Update: Gripe publicly, and ye shall receive! One of the previously mentioned super smart people who sit by me coded up a quick action to find my file from the eclipse client! You, dear reader, can have it too. As always, it comes with no promises or guarantees, and if it blows up your computer or your person, well neither I nor the author can be held responsible. Drop this guy into your eclipse client, right-click your repository workspace, and check out your new “Find files/folders named…” option! The file name will need to be exact. Enjoy!
They say there is no silver bullet in software engineering. I say Rational Team Concert and the CLM solution come pretty darn close, enabling teams to deliver complex products on time, within budget, and with high quality. I love RTC and am a proud user, developer, and promoter of this tool. That being said, there is one thing about this product that just irks me…
Where the heck is my file? Why can I not go in the Search menu, pick my repository, type in part or all of my file name, and see what component, project, and folder my file is in? The answer to this question as I understand it comes in two parts. One, there are several open enhancements around this function that you can view on jazz.net. Two, IBM is sometimes guilty of delivering a Cadillac when all people need 90% of the time is a bicycle. What RTC does offer is a change set search, and the thought here is that maybe I’m looking for Foo.java, but Fred changed it last week to Bar.java, or even worse, he deleted it entirely. My search on Foo.java will get me nowhere. However, by searching for change sets, I will be able to see that my file has been renamed or deleted and link through to the work item that explains when and why this happened. Cool!
To try out the change set search capability in the RTC eclipse client, go to Search->Jazz Source Control->Change sets… You will then be presented with this wizard:
As you can see, this wizard is powerful. You can narrow down by component, location (a specific stream, workspace, or baseline), change creator and date, who suspended the change (if applicable), specifically which file is modified, what the file name begins with, and even what type of change occurred (add, delete, modify, etc). The result is a listing of change sets that matched your criteria:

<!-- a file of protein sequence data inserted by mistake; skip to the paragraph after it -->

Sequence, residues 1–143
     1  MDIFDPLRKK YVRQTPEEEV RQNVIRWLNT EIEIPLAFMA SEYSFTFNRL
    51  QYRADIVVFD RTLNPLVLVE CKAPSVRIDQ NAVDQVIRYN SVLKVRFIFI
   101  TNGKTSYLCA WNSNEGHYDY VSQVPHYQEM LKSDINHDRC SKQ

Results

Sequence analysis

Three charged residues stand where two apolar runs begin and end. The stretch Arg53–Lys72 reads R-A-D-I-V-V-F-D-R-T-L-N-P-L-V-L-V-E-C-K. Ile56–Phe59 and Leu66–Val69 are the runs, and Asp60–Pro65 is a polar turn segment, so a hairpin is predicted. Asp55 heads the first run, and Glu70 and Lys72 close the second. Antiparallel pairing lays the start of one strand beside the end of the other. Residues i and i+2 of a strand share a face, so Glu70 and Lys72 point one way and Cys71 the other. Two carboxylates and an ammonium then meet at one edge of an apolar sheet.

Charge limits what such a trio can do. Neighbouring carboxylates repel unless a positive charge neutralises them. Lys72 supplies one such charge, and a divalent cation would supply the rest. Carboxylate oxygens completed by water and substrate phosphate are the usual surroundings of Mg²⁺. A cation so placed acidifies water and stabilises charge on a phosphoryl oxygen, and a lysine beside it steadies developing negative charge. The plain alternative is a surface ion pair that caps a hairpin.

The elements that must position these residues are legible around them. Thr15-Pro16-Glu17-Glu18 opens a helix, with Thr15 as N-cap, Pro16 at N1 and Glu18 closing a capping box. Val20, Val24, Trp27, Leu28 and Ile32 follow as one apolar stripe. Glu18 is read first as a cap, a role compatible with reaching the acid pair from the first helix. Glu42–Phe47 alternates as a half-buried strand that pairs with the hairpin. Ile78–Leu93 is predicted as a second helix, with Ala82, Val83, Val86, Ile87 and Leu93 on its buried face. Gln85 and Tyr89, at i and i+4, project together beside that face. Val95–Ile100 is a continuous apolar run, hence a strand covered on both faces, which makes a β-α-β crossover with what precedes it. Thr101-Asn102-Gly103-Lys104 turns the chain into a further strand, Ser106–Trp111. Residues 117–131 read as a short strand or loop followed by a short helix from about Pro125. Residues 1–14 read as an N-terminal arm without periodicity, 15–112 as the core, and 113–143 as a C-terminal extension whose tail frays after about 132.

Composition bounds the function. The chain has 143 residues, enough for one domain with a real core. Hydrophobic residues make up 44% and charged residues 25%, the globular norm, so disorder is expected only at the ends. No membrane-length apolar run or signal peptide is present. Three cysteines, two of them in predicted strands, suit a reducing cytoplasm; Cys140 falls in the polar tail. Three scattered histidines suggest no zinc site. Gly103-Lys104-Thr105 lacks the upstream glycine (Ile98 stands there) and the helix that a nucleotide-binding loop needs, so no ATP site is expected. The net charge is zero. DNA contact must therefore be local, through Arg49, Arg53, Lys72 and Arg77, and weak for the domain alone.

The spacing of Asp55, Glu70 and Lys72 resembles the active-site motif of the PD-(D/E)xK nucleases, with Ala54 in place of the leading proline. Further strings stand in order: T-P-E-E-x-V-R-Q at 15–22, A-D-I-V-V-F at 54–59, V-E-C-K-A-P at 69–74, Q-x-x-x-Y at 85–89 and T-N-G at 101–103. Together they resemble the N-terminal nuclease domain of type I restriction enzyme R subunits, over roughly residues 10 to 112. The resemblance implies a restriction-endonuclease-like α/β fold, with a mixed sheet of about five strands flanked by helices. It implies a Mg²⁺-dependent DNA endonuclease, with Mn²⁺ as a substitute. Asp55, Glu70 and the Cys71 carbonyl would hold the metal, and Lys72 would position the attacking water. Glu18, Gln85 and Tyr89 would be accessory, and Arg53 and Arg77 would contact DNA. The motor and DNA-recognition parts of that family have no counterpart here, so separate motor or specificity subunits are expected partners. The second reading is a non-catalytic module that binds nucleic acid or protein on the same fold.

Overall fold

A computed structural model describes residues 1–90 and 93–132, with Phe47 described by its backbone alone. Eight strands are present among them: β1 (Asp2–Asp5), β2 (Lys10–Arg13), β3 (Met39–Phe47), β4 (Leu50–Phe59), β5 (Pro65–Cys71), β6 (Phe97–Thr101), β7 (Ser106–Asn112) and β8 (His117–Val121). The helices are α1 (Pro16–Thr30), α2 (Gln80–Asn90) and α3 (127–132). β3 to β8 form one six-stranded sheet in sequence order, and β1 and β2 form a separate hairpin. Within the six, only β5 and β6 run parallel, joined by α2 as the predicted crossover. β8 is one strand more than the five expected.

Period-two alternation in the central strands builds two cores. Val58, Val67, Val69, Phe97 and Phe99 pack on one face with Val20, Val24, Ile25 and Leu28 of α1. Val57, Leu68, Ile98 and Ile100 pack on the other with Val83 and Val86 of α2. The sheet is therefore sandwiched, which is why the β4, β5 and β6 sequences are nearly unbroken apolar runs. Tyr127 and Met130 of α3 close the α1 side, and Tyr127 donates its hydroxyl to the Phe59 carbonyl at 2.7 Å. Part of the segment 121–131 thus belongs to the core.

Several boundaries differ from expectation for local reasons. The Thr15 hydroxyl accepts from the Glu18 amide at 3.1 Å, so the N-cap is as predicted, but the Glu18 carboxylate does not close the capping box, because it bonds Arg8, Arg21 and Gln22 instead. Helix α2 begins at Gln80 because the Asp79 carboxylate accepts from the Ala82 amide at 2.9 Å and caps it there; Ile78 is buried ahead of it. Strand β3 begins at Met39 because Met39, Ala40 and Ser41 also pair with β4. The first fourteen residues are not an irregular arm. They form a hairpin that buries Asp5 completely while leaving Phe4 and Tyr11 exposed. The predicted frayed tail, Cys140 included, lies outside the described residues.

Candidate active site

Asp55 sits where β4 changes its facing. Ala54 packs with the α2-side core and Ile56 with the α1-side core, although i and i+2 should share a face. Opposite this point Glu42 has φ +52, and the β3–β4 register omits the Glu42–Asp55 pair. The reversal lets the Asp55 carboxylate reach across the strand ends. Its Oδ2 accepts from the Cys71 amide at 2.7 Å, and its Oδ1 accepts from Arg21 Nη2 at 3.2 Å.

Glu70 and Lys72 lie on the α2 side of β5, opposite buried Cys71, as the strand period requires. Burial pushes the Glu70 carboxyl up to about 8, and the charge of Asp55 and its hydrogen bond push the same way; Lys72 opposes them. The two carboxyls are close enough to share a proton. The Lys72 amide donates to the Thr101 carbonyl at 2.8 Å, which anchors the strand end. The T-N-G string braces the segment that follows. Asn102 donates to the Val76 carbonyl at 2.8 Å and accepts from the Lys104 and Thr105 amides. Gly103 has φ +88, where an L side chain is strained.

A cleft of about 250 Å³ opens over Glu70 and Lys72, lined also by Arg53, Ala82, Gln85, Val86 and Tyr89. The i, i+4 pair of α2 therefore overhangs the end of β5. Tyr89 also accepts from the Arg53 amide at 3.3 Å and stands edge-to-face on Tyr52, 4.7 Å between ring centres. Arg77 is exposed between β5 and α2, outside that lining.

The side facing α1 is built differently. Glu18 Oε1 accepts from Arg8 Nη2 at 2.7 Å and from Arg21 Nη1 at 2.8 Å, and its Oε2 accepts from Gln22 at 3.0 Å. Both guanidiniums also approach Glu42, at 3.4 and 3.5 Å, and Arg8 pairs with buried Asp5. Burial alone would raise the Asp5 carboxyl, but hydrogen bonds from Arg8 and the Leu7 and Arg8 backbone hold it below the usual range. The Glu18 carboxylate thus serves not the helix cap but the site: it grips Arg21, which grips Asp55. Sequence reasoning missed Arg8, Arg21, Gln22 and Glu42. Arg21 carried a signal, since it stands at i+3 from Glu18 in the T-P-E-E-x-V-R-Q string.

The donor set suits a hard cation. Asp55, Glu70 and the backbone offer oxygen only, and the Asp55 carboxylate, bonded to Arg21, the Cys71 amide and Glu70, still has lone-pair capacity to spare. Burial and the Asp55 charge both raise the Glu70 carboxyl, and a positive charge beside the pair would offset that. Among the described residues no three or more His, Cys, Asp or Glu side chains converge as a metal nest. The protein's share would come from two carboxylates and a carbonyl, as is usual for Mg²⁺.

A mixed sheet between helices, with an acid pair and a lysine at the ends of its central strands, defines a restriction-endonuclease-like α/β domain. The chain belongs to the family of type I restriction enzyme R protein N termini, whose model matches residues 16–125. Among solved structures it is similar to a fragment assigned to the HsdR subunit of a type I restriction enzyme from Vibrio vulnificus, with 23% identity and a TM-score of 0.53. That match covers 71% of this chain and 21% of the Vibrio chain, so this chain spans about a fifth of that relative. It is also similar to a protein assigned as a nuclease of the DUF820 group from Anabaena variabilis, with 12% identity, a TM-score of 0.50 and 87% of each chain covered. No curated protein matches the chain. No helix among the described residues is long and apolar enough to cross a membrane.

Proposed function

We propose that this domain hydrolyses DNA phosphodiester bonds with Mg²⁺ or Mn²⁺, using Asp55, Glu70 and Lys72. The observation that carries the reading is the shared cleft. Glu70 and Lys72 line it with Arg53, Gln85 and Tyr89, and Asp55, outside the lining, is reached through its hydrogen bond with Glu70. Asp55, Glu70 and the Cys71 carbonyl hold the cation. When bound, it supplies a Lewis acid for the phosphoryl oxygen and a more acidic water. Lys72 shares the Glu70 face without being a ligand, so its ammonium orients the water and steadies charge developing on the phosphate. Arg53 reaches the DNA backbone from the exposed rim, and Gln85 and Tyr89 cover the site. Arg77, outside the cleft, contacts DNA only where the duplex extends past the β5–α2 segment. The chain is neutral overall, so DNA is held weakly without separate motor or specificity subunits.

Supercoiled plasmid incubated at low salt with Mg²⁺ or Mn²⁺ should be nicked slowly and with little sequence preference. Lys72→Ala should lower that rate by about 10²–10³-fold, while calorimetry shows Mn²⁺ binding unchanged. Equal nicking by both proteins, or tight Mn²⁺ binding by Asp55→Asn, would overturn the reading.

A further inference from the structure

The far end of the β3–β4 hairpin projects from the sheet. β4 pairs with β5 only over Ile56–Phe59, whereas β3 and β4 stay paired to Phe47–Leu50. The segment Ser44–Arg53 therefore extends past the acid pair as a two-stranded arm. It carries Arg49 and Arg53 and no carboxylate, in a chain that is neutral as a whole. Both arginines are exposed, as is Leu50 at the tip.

From here, I can double-click the change set to explore the changes, or I can right-click and choose Related Artifacts->Open to see the work item(s) associated with the change. The bummer though is that if I’m just trying to find my file, I need to start popping open and combing through these change sets til I land on it.
The good news is we have some options. For starters, this highlights the importance of using components to organize your source logically in your streams. If you know roughly what your file does, you should be able to make a good guess at what component it is in. I’ve heard some mainframe users say they can’t really organize their code logically, but they can at least apply a naming convention to their components and projects to organize and locate files in some fashion. You can always load your suspect components/projects to your eclipse workspace and then do a local search to find your file. Now, if you happen to have an enterprise developer license, your options get better…
As part of our enterprise dependency build capability, we scan files for structural information, such as type (main vs include) and logical dependencies. Even if you are not using dependency build, you can still choose to scan your streams and gather this source code data. Users then have the option to run a query on the source code data to locate their file:
You can choose which streams are scanned by right-clicking Source Code Data (in the Team Artifacts view under Source Code Data) and choosing Select Streams for Scanning. You can also specify the fixed delay for stream scanning in the ccm Advanced Properties under Source Code Data Collection from the web UI.
Another option you have with an enterprise developer license is to take advantage of context-aware search. This capability allows you to locate relevant source based on natural language. You can specify your own search terms or allow the tool to select your search terms automatically from the content of your work item. You can also specify which components/projects/folders/files are indexed and how often. Although an enterprise license is required, this capability is available for repositories running on any supported platform, including Windows, Linux, etc. Check out the demo video available here.
Here is an example of the context aware search capability in action in the context of a work item.
The Context Aware Search editor opens with some terms pre-selected from the content of the work item. You can choose to select more, remove some or all, and add your own. You can then see the results that are returned, along with a metric indicating the quality of the hit.
Lastly, CAS allows you to specify synonyms for search purposes. Many synonyms are pre-configured out of the box, but you can edit these synonyms and add your own. For example, CAS knows that if you search on the term “calculate”, then “compute” should also be considered a hit. These configurations are specific to each project area.
And on a semi-related note… If you’ve read this far, chances are high that you are either (a) my mom or (b) a Rational Team Concert enthusiast who loves to be up on the latest and greatest product features, insider tips, and all that jazz. If you fall into the second category, I hope you’ve booked your flight to Orlando for June 3-7 to hang with the Jazz Development Team at Innovate 2012! I’ll be there signing autographs and spreading the good word on all things EE. If you make it to one of my tracks, be sure to come up and introduce yourself as one of my loyal readers to receive your complimentary high five. See you there!